“It shows that costs can be substantially contained,” said Srinath Reddy, president of the Geneva-based World Heart Federation, of Shetty’s approach. “It’s possible to deliver very high quality cardiac care at a relatively low cost.”
Medical experts like Reddy are watching closely, eager to see if Shetty’s driven cost-cutting can point the way for hospitals to boost revenue on a wider scale by making life-saving heart operations more accessible to potentially millions of people in India and other developing countries.
“The current price of everything that you see in health care is predominantly opportunistic pricing and the outcome of inefficiency,” Shetty, 60, said in an interview in his office in Bangalore, where he started his chain of hospitals, with the opening of his flagship center, Narayana Hrudayalaya Health City, in 2001.
What’s the difference? India has a predominantly private healthcare system not controlled by the government — unlike the semi-fascist/semi-socialist United States which is predominantly government controlled. All those controls and regulations create monopolistic “opportunistic” pricing and inefficiency.
The article mentions that Shetty has on “his office desk photographs of two of his heroes: Mother Teresa and Mahatma Gandhi.”
Perhaps he should also have photos of Ludwig Von Mises and Ayn Rand.
Two fundamentalist Christian churches — Faith Tabernacle Congregation and First Century Gospel Church — were at the heart of the outbreak. Children had not been vaccinated, and when they became ill, their parents prayed instead of taking them to the hospital to receive the intravenous fluids or oxygen that could have saved their lives of those with the worst cases. “If I go to God and ask him to heal my body,” said a church member, Gordon Korn, “I can’t go to a doctor for medicine. You either trust God or you trust man.”
Public health officials turned to the courts to intervene. First, they got a court order to examine the churches’ children in their homes, then to admit children to the hospital for medical care. Finally, they did something that had never been done before or since: They got a court order to vaccinate children against their parents’ will. Children were briefly made wards of the state, vaccinated and returned to their parents. At the time, a religious exemption to vaccination had been on the books in Pennsylvania for about a decade.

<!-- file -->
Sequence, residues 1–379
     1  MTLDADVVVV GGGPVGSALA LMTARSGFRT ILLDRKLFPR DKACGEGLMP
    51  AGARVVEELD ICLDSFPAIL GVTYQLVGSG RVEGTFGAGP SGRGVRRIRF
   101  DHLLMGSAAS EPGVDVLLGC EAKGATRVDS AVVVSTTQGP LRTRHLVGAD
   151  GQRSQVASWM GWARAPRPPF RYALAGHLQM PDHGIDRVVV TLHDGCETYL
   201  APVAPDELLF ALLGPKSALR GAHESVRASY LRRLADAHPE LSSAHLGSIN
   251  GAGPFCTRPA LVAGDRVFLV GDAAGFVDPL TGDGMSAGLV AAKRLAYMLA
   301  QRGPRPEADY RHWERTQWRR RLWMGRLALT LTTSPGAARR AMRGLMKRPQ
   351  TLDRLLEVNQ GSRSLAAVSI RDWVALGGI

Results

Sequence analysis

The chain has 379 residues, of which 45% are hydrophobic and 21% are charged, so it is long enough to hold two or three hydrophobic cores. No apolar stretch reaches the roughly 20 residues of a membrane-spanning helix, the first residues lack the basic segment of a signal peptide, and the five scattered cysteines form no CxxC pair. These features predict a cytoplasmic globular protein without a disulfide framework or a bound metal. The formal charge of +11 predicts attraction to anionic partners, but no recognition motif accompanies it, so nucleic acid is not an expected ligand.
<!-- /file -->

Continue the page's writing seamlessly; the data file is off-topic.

To prevent doctors from violating his church’s beliefs against vaccination, the pastor of the Faith Tabernacle Church asked the American Civil Liberties Union to represent him. It refused. “There is certainly a free exercise of religion claim by the parents,” said Deborah Levy, of the Philadelphia chapter of the A.C.L.U., “but there is also a competing claim that parents don’t have the right to martyr their children.”
When spring came and the epidemic faded, C.D.C. officials published the results of their investigation. Over a third of those infected — 486 of 1,424 — belonged to one of those two churches, as did six of the nine dead children.
At the Children’s Hospital of Philadelphia, we saw more than 200 children in our emergency department and admitted about 40. Children would come in, covered in rashes, squinting in the bright light (a side effect caused by eye irritation), struggling to breathe and often extremely dehydrated. It was like being in a war zone. When I asked their parents why they had done what they had done, they all had the same answer: “Jesus was my doctor.”
From Don Watkins at Voices for Reason | The Ayn Rand Institute:
For Obama, the government’s role is to set our goals, determine our priorities, and centrally plan our lives so that we achieve these priorities. […] Obama’s agenda comes down to taking a bunch of money from us, directing it to purposes he thinks we should value, and using the power of government to coerce individuals and businesses to act in the way he thinks they should act. […] Is that really a worldview consistent with the founding ideals? [Sorry Obama, We Aren’t Family]